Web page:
To many liberals in the media targeted by his pointed criticisms, Reed Irvine, the founder of Accuracy in Media, was a tormenter. But to his legions of friends and admirers he was the “Sergeant Joe Friday of the American media.”
Following his death on November 16 from complications following a stroke, the 82-year-old Irvine was remembered as the conservative movement’s pioneering media watchdog.
Born in Salt Lake City, Irvine graduated in 1942, at the age of 19, from the University of Utah. He then joined the U.S. Navy, which taught him Japanese, and became an interpreter for the U.S. Marine Corps in the Pacific theater of war and in occupied Japan. Following his discharge, he did graduate work at the University of Washington and won a Fulbright scholarship to Oxford, where he earned a master’s degree in 1951.
From 1951 until he retired in 1977, Irvine worked at the Federal Reserve Board. The topic of media bias dominated a group Irvine regularly lunched with and soon he founded Accuracy in Media to try to keep the national press honest.
Through op-ed pieces, lectures, in-depth studies, a regular newsletter and frequent appearances on radio and TV, Irvine provided evidence that the major media indeed had a liberal bias. The grassroots following he developed provided AIM with the resources to launch national campaigns against the “gods of the antennae.” In 1983, for example, an AIM crusade convinced the Public Broadcasting System (PBS) to give equal time to AIM to rebut an hour-long special, Vietnam: A Television History.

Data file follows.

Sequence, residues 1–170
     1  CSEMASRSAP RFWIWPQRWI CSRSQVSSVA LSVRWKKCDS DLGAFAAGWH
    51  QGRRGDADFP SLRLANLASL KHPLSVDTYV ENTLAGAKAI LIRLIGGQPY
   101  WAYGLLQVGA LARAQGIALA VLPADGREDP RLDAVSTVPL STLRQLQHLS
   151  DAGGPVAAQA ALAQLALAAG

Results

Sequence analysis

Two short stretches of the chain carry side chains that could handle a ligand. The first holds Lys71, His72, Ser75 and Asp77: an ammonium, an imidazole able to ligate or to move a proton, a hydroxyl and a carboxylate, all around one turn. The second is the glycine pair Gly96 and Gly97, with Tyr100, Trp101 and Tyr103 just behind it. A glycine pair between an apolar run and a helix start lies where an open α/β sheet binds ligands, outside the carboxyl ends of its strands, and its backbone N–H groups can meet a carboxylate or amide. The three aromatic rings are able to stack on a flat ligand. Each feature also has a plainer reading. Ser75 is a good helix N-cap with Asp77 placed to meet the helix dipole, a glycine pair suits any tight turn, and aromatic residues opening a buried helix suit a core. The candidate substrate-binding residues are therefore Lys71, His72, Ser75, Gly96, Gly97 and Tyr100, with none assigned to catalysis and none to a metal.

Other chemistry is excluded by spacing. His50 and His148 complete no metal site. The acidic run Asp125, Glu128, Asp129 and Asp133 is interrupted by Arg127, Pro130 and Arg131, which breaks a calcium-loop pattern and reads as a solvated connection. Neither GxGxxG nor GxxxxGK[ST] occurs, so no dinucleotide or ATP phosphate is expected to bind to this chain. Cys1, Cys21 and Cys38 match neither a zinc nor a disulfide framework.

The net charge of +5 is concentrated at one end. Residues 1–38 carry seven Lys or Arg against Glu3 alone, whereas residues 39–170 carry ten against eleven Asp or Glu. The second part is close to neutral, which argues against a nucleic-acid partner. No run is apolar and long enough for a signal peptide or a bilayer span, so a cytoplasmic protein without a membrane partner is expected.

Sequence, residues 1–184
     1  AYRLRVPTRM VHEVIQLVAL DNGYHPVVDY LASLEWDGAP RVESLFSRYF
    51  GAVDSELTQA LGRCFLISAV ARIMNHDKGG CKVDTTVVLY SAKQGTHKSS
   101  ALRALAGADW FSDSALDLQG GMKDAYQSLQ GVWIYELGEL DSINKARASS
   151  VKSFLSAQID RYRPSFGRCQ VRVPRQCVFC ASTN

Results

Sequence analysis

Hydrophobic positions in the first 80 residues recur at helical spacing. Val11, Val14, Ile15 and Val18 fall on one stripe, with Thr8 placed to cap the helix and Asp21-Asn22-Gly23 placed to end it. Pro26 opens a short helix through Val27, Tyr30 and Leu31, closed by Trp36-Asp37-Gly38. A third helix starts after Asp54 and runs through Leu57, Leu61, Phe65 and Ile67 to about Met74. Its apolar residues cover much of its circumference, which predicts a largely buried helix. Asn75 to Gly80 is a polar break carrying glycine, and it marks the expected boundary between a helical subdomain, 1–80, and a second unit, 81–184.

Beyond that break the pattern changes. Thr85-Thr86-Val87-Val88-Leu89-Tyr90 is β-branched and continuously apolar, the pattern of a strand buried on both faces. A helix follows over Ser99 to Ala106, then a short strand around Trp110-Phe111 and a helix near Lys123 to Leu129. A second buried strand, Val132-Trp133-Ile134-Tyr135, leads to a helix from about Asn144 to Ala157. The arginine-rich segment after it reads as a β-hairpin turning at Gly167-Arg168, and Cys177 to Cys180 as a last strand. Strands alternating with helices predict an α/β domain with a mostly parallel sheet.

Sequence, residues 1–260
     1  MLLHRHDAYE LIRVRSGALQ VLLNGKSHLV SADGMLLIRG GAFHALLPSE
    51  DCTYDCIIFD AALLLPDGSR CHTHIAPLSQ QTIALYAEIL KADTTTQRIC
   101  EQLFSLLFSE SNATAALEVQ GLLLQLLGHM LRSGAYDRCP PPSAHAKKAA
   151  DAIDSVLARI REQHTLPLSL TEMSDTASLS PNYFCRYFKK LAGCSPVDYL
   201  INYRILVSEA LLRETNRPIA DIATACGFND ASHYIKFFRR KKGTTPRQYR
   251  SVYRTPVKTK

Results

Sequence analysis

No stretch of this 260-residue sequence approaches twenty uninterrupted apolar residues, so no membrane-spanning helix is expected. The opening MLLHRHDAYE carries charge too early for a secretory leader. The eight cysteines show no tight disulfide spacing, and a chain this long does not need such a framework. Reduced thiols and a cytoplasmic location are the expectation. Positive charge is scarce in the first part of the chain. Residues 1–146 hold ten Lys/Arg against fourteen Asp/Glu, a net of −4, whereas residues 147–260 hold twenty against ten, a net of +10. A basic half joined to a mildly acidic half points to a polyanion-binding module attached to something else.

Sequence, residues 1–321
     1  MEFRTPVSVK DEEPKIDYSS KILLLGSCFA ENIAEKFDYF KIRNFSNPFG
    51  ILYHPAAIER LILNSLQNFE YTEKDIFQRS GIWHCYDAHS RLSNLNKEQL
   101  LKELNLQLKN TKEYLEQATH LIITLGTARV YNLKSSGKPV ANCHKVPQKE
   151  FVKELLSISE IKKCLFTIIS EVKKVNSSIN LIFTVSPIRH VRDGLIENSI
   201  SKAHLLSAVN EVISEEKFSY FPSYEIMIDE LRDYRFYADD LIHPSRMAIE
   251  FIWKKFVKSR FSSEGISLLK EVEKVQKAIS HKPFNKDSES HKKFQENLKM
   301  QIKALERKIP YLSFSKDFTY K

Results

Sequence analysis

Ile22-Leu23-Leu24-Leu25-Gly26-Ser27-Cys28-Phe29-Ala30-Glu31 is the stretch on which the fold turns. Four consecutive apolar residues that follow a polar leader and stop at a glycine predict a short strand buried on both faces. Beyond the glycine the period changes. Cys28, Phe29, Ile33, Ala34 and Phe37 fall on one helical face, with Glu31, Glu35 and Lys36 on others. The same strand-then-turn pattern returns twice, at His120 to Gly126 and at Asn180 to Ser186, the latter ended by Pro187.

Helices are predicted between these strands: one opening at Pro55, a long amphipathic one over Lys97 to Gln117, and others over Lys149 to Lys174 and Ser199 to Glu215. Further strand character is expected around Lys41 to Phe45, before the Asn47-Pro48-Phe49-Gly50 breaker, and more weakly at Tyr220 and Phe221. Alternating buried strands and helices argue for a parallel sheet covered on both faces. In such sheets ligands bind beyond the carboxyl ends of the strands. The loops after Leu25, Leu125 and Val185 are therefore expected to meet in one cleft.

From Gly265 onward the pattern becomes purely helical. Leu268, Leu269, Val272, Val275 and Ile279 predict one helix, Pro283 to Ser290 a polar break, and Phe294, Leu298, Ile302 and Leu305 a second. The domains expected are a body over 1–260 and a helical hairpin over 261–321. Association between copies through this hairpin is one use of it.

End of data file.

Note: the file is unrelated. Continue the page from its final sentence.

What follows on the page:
In 1985, Irvine started Accuracy in Academia to combat leftist teachings at U.S. colleges.
For those outside the movement, Irvine may be best remembered for his spirited appearances at town hall meetings hosted by Ted Koppel on ABC’s “Nightline.” Perhaps the most poignant tribute to Irvine came from Koppel. “Reed Irvine was, at times, a harsh critic of the television news industry and me in particular,” Koppel told HUMAN EVENTS, “but throughout the many years that I knew him, he was never anything but courtly and personally gracious. Just as I would insist that all other enterprises in our society benefit from the presence of a critical and fearless press, so, too, the press benefits from being held to high and occasionally harsh standards. Reed Irvine fulfilled that function to the greater good of all.”
Irvine leaves his wife of 56 years, Kay Araki Irvine, son Don (who succeeded him as president of Accuracy in Media), and three grandchildren.